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Indians Indians Archive Shapiro 10/25 Radio Interview Recap
Written by Tony Lastoria

Tony Lastoria
In his most recent radio interview, Indians GM Mark Shapiro was as candid as ever as he touched on what he is doing right now, what he learned from last season, Farm Director John Farrell leaving, the Wickman trade, and more. He also even openly expresses how tough it is for him to watch the Tigers in the World Series, and how bitter he is about it.

 In a surprise interview late last night, WTAM 1100’s Kevin Keane spoke with Indians General Manager Mark Shapiro for about 15 minutes on several topics related to the Indians.  While some of what Shapiro said is re-hashed GM-speak from previous interviews, there were some new interesting insights provided by him.  Here is a comprehensive rundown of what was talked about, and what Shapiro said.

On what Shapiro is doing right now:  Two days after the season ended, he went to the Florida Instructional League to get the lowdown on some of the players up for roster protection this off-season as well as players in the mix to make the team next year.  After that, he returned to his offices at Jacob’s Field and talked with scouts to evaluate the team’s 2006 performance, and also get a feeling of what these players can provide in 2007 and beyond.  Currently, he is getting ready to sit down with Eric Wedge and other decision makers in the front office to formulate their off-season plan on what players to try to obtain via free agency, trade or internationally.  Once this plan is finalized, they will submit it to the Dolan’s so they can determine a firm number on what will be available dollars-wise.  

On what he learned this year: What happened this year just rings home his belief that there is so much volatility in bullpens and they are the toughest position to project and fill with reliable players.  In the past, Shapiro tended to look for value in some of the free agent position players he signed, but when doing that he tended to undervalue the importance of defense with those players.  Going forward, the organization will make a greater attempt to emphasize the importance of sound defense.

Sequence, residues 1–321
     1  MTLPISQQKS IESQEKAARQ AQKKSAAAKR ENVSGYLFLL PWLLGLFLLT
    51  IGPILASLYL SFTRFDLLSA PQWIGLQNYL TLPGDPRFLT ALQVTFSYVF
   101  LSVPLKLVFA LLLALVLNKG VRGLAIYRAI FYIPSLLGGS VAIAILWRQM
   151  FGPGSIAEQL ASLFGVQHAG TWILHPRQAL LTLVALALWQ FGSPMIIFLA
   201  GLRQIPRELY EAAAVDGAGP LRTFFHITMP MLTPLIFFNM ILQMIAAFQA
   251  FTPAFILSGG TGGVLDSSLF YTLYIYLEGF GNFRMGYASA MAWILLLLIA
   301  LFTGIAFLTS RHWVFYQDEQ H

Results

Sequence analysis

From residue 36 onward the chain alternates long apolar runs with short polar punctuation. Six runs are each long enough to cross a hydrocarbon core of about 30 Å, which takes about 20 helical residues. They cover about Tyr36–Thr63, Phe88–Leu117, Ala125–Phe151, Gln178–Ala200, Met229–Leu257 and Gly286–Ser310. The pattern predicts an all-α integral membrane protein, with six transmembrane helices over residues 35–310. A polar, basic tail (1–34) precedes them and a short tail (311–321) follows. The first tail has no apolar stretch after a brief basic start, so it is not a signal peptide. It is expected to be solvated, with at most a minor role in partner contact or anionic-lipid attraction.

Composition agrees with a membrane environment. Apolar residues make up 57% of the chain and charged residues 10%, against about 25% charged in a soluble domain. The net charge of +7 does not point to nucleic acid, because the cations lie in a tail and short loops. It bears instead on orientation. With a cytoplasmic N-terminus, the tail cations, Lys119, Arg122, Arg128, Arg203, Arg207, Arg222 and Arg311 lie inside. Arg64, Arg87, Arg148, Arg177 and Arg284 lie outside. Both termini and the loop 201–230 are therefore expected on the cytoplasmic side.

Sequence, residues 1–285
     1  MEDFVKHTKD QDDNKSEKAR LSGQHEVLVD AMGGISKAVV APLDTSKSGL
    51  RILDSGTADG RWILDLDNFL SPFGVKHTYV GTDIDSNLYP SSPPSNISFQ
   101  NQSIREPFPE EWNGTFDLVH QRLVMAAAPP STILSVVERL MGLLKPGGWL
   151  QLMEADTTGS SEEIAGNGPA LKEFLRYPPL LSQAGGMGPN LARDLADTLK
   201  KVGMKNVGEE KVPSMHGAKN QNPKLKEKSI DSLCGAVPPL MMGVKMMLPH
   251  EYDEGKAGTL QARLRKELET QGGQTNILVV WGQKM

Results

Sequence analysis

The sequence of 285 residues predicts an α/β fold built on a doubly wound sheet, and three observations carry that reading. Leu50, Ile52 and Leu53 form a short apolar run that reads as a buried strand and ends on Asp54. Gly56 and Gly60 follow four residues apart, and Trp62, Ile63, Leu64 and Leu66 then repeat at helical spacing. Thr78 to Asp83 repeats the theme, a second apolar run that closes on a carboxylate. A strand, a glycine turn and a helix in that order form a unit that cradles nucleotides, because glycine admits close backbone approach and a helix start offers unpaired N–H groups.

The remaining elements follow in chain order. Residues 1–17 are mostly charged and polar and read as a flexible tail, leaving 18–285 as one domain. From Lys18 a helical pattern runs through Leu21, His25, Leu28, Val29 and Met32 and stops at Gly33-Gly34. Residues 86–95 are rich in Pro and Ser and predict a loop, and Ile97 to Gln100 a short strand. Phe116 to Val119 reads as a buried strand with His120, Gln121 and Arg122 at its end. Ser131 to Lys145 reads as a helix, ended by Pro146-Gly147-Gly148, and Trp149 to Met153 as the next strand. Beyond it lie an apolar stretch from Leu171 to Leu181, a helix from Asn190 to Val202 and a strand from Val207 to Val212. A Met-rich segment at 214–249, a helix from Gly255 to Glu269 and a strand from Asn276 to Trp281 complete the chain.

On Farrell leaving:  Shapiro mentioned that he was not expecting Farrell to leave the organization.  Farrell not only directed the Indians minor league operations, but he also was a strong voice in the front office.  What Shapiro will probably miss most is what Farrell brought to the decision making dynamic with the team. Even so, after his sudden departure, the system will survive.  Ross Atkins is ready to assume Farrell’s role, and is someone they always felt highly on in regard to being a Farm Director someday.  It just happened sooner rather than later.

On the change in the dynamic of the team: If a positive can be taken from 2006, Shapiro mentioned the biggest was how the core players stepped up and showed they are ready to take on a leadership role with the team.  With the core of the team getting older, for the most part they are now the veterans of this team that can be relied upon to lead and influence young players.  It no longer is necessary to add veterans to the team to provide leadership.  With this change in dynamics of the team, Shapiro stated that this now opens the door for a whole new group of players he can pursue in free agency and trades. 

On some of last year’s roster decisions:  Shapiro was asked about the thought process that went into some of the decisions where the Indians decided to go with veterans Jason Johnson, Danny Graves, and Ramon Vazquez over some of their young kids like Jeremy Sowers, Fausto Carmona, Jason Davis and Brandon Phillips.  Shapiro responded by stating every situation is unique, and the goal always is to win as many games as possible.  With young players, Shapiro feels there is a lot of volatility (this is Shapiro’s favorite word by the way), and they are very unpredictable.  With the veterans, they have a track record and are more predictable in their expected performance and reliable.  In the end, when the goal is winning, they tended to lean on the veterans more than the young players to start the season.  The thought was to go with the veterans, but upgrade as you go in the season after you see what you have.